Five Investment Red Flags

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Nobody likes to miss out on a great opportunity – especially when there’s money involved. Imagine how much richer you’d be right now if you’d listened to tech enthusiasts when they told you to buy Bitcoin ten years ago. Bitcoin investments that would have cost you a few dollars at the time are worth thousands of dollars now, and some people have become millionaires because of it. Having missed out on that, you probably don’t want to miss out again. Everyone wants to find the next Bitcoin. Unfortunately, far too many people will try to sell you ‘the next Bitcoin’ when what they’re actually selling is nowhere near as valuable.

Choosing where to put our money is one of the biggest decisions we’ll ever have to make, which is why we should always get professional advice before we sign anything or come to any conclusions. Even then, though, there are ways in which we could fall down. Not all advisers are equal and nor are all investments. For every Facebook, which created one thousand millionaires with its IPO in 2011, there’s a Zynga, which dropped 40% in a single day in 2012 after badly missing its projected earnings.

The most important thing to remember when you’re investing money (other than to listen to your adviser so long as they have the right qualifications and experience) is to trust your gut. Your instincts will rarely be wrong, and if something feels off, it probably is. To help you to feel things out, though, keep an eye out for these red flags.

It’s An “Act Now” Offer

Buying stock isn’t like going to a store and getting a ‘two for one’ offer on a certain day or grabbing something in the sales. If a price is good today and performance is consistent, there’s no reason why it won’t be increasingly attractive tomorrow, and the day after that, and the day after that. You should never face undue pressure to buy into an investment right then and there because something is ‘hot.’ Usually, the pressure to sell is there because the price is a short-term bubble that’s about to burst, leaving you holding onto stock that’s worth less than what you paid for it days earlier. Always insist on at least a week to consider any investment proposal. If it won’t hold for a week, it’s no good for you.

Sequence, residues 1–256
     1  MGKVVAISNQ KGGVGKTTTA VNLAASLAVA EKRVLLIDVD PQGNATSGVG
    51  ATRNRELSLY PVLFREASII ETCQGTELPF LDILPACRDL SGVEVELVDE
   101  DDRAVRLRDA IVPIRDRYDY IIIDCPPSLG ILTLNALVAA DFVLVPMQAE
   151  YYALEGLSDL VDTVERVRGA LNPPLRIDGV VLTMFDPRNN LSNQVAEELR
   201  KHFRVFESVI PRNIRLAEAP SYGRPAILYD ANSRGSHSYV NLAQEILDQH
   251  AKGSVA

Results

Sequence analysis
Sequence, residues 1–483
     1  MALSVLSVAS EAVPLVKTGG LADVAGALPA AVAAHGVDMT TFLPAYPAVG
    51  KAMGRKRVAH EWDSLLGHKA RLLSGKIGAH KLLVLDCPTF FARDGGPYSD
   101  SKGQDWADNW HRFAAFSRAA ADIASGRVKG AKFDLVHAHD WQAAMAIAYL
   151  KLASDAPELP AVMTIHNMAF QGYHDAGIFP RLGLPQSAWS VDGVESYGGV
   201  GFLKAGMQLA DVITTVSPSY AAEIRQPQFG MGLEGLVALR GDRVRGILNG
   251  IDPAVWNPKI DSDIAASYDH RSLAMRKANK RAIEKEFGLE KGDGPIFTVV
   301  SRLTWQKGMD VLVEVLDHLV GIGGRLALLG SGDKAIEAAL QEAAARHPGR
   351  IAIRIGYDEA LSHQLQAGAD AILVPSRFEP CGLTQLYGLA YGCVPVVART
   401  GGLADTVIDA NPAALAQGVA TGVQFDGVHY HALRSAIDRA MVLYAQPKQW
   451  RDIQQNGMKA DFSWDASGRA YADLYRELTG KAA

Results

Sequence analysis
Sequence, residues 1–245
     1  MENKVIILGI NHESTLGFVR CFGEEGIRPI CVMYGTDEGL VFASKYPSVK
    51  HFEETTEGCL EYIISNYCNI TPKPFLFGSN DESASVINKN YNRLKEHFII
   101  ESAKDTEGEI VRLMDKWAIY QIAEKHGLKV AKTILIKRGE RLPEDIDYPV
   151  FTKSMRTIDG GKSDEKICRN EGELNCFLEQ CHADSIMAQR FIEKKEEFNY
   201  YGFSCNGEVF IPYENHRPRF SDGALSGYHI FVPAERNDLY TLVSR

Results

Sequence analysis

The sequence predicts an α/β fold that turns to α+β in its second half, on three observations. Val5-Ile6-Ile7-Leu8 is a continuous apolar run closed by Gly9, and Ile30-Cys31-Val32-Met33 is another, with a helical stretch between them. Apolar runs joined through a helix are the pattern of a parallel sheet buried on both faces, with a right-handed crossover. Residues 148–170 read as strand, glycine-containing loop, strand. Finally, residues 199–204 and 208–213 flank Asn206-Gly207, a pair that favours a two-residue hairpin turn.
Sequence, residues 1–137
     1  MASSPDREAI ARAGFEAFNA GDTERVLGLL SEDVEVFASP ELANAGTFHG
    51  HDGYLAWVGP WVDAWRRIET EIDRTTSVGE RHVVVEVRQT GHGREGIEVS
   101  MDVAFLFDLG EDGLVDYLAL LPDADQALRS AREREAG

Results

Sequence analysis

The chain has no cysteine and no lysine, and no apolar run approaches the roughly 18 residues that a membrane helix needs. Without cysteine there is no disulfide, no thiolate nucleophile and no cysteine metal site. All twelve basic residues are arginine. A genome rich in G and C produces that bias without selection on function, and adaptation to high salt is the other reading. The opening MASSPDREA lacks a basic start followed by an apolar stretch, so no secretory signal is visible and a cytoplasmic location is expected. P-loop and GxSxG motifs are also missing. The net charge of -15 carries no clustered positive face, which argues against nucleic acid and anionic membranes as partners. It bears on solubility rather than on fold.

You Don’t Understand What You’re Investing In

Sometimes we can get blinded by figures so much that we forget to ask what it is we’re investing in. Without that knowledge, we’re vulnerable. If we don’t understand what an investment is or what it does, we can’t predict what external factors might affect it. We don’t know when we should expect it to do well and when we should expect it to perform poorly. Make sure you know everything there is to know about a stock or a company before you pump money into it. Even the professionals can sometimes get carried away and make this mistake, as British millionaire investor Deborah Meaden can confirm. When she did it, it cost her half a million pounds. We’re sure you wouldn’t want it to happen to you.